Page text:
When the Boston delegates went to the Federation of Gay Games meeting to bring the 2014 games to their city, they thought they had it all locked up. But, like the undefeated 2007 Patriots heading into the Super Bowl, they got a rude awakening when the final decision came down: Cleveland was selected as the host. Now many in Boston are lashing out at Cleveland and the Federation of Gay Games in an article in Boston Spirit Magazine.
Boston organizers claim the bidding process wasn't fair or transparent, and that they had the best bid for the 2014 games. They claim the FGG played favorites with Cleveland. One of the organizers, Steve Harrington, is so upset he says he won't attend the 2014 Gay Games because the FGG didn't choose Boston.
"This is really systematic of the Federation itself," [Boston Pride president Linda] DeMarco retorts. "They put themselves out to be an organized organization that is moving forward and growing and they wanted to have sponsorships that would stay with them and take it to the next level. We were able to do that. In the end in Cologne, all they did was step back and use us as a catalyst to go with something far less because we were a threat to them. We were too good."
An interesting claim I find a bit incredible. The FGG didn't choose Boston because they were too good? The FGG is a political place, so politically motivated decisions aren't out of the question. But to not go with a city because they're scared the organization is too good? I just can't buy that for a second.
But DeMarco is right: The process needs some work. Team DC allegedly spent $1 million to lure the Gay Games to their city (a claim Team DC refutes). That. Is. In. Sane. The Boston organizers claim they were punished for following the bidding-process rules and Cleveland was rewarded for breaking them. And all of the bidding cities for 2014 seem to claim the RFP and other bid documents contradict one another and are often very unclear. If true, these are big problems the FGG needs to address.
I love Boston. I grew up near there. And I know tons of great people in the Boston gay sports community (which is very strong), including some quoted in the story. But the complaints from Boston, as written in the article, all sound like (as the article implies) sour grapes to me. The FGG is a volunteer organization that hasn't been incredibly well-run for as long as I've been covering it. And we have seen politics at times overrun the organization. The Boston people, many of whom have worked with the Gay Games for years, knew what they were getting into.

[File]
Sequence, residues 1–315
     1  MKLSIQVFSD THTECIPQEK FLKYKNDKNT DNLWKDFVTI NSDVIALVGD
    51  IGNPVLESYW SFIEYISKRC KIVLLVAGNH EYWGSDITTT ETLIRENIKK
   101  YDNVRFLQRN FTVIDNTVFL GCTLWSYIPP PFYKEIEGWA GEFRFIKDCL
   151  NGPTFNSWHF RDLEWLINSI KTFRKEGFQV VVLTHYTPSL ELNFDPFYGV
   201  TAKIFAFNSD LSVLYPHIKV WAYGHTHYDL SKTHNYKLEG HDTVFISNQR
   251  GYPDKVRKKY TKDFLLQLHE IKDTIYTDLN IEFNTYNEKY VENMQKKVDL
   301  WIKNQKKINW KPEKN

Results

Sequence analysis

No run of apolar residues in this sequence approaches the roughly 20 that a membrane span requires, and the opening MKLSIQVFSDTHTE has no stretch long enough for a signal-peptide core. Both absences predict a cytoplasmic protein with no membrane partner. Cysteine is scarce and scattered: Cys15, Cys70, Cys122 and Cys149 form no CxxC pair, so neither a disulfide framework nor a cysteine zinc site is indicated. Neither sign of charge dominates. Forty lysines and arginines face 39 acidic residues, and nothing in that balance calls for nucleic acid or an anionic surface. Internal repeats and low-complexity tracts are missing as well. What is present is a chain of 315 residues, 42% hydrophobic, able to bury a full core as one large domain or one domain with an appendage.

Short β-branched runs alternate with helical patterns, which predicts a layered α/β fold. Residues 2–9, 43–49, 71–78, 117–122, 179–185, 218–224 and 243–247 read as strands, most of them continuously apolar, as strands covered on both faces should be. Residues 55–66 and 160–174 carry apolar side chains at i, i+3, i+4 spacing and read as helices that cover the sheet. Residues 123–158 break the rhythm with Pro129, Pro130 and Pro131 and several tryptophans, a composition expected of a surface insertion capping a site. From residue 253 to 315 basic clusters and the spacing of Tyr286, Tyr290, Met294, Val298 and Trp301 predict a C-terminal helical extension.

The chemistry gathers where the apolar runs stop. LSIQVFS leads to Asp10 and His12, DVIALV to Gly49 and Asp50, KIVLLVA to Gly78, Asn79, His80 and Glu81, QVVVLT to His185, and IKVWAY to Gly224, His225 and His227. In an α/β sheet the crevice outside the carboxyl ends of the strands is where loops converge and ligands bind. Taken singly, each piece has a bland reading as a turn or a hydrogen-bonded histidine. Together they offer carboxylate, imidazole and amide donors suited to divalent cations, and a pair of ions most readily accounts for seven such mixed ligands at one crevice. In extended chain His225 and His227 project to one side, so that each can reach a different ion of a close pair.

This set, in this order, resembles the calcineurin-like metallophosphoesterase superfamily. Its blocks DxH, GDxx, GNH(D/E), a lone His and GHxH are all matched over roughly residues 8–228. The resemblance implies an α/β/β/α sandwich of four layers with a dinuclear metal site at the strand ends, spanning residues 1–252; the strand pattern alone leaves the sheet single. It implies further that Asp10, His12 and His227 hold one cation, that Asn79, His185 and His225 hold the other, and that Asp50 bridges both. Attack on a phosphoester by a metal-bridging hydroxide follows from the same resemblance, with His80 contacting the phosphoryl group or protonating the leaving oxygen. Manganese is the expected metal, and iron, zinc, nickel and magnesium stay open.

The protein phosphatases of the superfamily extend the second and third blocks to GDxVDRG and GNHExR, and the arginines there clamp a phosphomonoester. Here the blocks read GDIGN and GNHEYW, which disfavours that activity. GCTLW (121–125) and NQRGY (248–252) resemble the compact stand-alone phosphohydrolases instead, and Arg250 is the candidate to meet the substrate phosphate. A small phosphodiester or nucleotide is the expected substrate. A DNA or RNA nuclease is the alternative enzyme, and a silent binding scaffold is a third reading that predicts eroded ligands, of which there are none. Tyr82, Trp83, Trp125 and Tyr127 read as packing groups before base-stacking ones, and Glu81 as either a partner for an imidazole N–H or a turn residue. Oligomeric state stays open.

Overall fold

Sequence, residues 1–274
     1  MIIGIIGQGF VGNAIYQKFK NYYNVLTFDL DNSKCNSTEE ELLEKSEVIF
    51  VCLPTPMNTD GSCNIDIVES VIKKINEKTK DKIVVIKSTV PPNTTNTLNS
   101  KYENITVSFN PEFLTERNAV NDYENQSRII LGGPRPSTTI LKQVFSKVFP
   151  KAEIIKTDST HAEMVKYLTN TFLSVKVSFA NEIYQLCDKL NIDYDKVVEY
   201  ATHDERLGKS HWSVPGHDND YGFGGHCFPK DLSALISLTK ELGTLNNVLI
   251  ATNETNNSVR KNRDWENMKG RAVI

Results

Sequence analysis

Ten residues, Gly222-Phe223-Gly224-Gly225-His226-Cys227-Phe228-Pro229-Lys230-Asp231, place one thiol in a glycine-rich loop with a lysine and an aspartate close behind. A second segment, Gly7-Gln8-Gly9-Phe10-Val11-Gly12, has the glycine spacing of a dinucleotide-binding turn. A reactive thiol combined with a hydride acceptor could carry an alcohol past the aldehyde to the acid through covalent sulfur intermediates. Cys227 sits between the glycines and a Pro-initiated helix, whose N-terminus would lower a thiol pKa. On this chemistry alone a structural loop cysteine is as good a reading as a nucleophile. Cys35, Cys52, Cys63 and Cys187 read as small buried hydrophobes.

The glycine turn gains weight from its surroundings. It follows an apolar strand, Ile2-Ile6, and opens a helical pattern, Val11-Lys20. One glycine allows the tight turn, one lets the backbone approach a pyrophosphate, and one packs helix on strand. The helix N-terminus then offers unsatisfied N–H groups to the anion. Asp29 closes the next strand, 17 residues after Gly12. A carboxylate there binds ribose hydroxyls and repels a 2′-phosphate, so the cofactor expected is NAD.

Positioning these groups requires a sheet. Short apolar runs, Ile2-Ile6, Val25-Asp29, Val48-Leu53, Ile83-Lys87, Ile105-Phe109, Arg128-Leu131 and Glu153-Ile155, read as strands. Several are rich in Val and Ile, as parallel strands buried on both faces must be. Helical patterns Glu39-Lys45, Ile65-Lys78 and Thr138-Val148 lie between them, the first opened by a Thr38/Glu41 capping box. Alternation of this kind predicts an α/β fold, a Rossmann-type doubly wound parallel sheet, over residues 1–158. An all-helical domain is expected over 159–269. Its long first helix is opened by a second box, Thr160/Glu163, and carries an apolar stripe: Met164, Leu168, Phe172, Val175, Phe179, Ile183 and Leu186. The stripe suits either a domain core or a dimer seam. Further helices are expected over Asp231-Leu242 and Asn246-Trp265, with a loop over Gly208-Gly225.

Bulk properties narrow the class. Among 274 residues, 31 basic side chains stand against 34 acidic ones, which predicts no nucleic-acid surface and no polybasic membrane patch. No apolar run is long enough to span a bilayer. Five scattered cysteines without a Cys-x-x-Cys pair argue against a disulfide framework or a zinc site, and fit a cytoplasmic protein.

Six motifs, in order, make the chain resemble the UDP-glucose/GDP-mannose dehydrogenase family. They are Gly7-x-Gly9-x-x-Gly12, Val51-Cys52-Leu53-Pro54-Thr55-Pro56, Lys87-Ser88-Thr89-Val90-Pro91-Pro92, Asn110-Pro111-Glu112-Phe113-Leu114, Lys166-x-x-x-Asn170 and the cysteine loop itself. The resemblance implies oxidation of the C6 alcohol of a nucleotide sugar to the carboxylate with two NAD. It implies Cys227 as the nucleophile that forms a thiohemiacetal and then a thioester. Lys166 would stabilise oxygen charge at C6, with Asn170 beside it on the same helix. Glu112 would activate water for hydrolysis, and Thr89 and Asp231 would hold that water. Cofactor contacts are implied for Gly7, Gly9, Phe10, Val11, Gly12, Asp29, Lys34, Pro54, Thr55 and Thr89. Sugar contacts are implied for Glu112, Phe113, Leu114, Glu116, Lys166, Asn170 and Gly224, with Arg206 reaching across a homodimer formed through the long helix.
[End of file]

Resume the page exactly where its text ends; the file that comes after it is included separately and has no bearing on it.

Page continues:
I'm not sure that having the attitude that you'd already won the bid (which is what the article says) is the best way to approach a final meeting, but that's allegedly how Boston approached it. DeMarco said, "I don’t think any of us involved in the process thought that Cleveland was part of the scenario." That was a huge strategic error on their part. Rule No. 1 in sports: Don't underestimate your opponent. Hopefully the Boston folks will come around and support Cleveland wholeheartedly, and Harrington will bring his ball back and play.
Frankly, I'm glad Cleveland won. Boston organizers complain that the idea of hosting the Gay Games in a less-gay-friendly place (to make a political statement) was given too much weight by the FGG. I don't know how much weight it was given, but that's why I'm glad they picked Cleveland. Part of the FGG's mission is to change minds and be a visible agent of change. That's a huge part of why Tom Waddell started the Gay Games. It's a huge part of why Outsports exists. And I'm glad the FGG is taking their message to Ohio.
Did the FGG make a mistake in picking Cleveland? I don't know; I guess we'll find out in four years. But I know this: I'll be attending the Gay Games in Cleveland for sure, and I hope they have a record number of participants.